A well-designed system for managing servicing assets will have as an essential function the analysis of risk. This analysis will include determining "predominant risk characteristics" for accounting purposes as well as determining which segments should be hedged, sold, or subserviced.
The system should assist management in determining which loans may profitable to service. Those that are less profitable should be considered for sale or for subservicing; those that are most profitable may indicate a servicing niche.
The system should also provide for a high degree of sensitivity analysis. In determining the risk associated with segments of the portfolio, sensitivity analyses will be critical.
As the reliance on the servicing-asset management system grows, the importance of an accurate and detailed servicing valuation will also expand. Among the most common valuation techniques are discounted cash flow (the most widely used) and option-adjusted pricing models.
A company must understand the economic value versus the fair-market value of the servicing rights. An economic value represents the value to the company if loans are serviced internally. This value may be materially different from what buyers may be willing to pay in the market.
Before any hedging considerations can be made, a company must determine its risk tolerance - the dollar amount of losses it is willing to absorb. Once a threshold has been determined, hedging can be considered. There are various types of hedges, such as internal (servicing sales, production) and market-based (options, floors, swaps). Internal hedges may be accounting- driven. For example, many companies use a "conservative" fair-market value at the time the servicing right is capitalized.
The most common market-driven hedges include CMT floor interest rate swaps. A system must be able to analyze what information and what values are used for accounting purposes in contrast to what is used for economic decisions. It is imperative to have the analytical capabilities, since all of the typical hedges in the market require active management.
The smarter companies are evaluating their options for a servicing-asset management system. Some companies are not focusing on the big risk picture and are simply looking for an accounting tool. It is not a question of whether to have a system, but whether to buy, build, or outsource.
The decision depends on factors such as organization size, budget constraints, and internal resources. As part of the decision process, a company should spend adequate time developing system requirements such as ease of use, flexibility, maintenance, and concise, timely management reporting.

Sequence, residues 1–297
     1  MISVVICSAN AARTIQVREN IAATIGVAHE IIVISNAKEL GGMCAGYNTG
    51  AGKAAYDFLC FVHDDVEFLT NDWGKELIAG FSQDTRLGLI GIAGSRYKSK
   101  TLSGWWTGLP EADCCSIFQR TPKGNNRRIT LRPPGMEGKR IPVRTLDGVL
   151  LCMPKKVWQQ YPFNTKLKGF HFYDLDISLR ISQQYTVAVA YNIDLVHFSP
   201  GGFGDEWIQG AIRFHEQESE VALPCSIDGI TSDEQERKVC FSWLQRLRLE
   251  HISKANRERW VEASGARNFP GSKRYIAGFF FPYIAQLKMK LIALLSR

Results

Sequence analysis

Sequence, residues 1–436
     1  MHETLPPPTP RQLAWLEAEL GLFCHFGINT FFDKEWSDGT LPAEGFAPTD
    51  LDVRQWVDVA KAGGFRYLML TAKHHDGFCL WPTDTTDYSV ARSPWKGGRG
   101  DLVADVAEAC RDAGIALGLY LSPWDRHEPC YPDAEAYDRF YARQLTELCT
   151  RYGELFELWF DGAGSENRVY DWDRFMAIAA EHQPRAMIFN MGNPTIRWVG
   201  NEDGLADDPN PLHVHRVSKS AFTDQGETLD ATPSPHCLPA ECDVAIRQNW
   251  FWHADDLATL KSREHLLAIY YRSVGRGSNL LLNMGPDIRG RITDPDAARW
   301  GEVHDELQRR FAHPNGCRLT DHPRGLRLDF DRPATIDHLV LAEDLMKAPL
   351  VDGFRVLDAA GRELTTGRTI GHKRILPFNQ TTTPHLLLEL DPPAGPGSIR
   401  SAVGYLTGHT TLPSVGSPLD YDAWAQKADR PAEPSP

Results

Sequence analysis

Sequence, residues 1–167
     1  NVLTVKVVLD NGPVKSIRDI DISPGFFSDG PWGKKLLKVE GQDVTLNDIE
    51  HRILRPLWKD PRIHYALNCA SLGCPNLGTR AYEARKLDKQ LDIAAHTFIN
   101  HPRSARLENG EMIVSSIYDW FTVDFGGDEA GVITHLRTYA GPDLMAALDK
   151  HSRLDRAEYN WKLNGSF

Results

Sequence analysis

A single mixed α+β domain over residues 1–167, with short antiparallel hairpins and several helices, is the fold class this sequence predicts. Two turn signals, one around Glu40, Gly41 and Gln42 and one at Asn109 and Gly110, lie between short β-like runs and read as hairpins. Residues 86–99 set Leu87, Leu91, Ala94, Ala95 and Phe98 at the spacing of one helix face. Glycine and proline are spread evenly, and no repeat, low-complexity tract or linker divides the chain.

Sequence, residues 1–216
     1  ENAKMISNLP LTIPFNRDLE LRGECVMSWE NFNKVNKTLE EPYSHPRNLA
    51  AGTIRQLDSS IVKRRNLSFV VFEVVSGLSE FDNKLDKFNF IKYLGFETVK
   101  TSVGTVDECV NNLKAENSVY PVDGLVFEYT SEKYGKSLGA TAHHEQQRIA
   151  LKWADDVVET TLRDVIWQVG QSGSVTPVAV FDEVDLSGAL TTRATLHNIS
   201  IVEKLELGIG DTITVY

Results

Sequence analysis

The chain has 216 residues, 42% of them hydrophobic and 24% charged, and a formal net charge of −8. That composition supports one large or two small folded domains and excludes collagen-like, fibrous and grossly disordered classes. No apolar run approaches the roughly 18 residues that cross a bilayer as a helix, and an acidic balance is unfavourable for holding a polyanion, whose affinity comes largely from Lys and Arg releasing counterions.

The risks presented by the new accounting standard FAS 122 - on top of the long-standing foreclosure, repurchase, and regulatory risks - dramatize the necessity for a comprehensive system.
Most companies will likely be interested in purchasing an existing fully integrated system. Companies will have the flexibility of analyzing portfolios or segments of portfolios without coordination of third parties.
In addition, when a company licenses a system, it incurs no development costs, and it should choose one that requires only limited technical support from the vendor.
However, the vendor's depth of resources should be evaluated. For example, KPMG has developed and licenses a servicing-asset management system that incorporates all of the requirements outlined here.
The only drawback in purchasing a system is the initial capital outlay. Therefore, most companies that decide not to purchase will most likely be ones that do not have large servicing assets. They may change their minds as the servicing asset grows.
Although building a system internally many seem like a viable option at first glance, this option quickly disintegrates as one considers all of the operational implications. A company that believes it can go with the bare basics may find itself at a competitive disadvantage.
In fact, many large organizations that initially intended to build are now buying. If a company has the resources, the right combination of skills, and the time, it may consider building internally.
Software development requires significant resources and capabilities, including:
*Overall system design, architecture, and overall planning.
*Test of system software and programming languages.
*Comprehensive understanding of generally accepted accounting principles and tax requirements.
*Development of reporting requirements.
*Interface design and development.
*Alpha and beta testing.
*Dedicated project management and dedicated programmers.
*System updates and maintenance for FAS changes and tax regulatory changes.
*Acceptance by accountants for accounting and tax purposes.
*Coordination and buyoff from all internal departments (accounting, finance, tax, treasurer).
Those companies that decide against both building and buying will turn to outsourcing, a standard practice for many mortgage servicers. Processes such as insurance and tax reporting are often outsourced. In addition, many companies outsource portfolio valuations (most often to meet regulatory requirements) and hedging analytics.
Mr. Oliver is a partner of KPMG Peat Marwick and co-director of its mortgage and structured finance group in Washington. Ms. Kogler is senior manager of the group.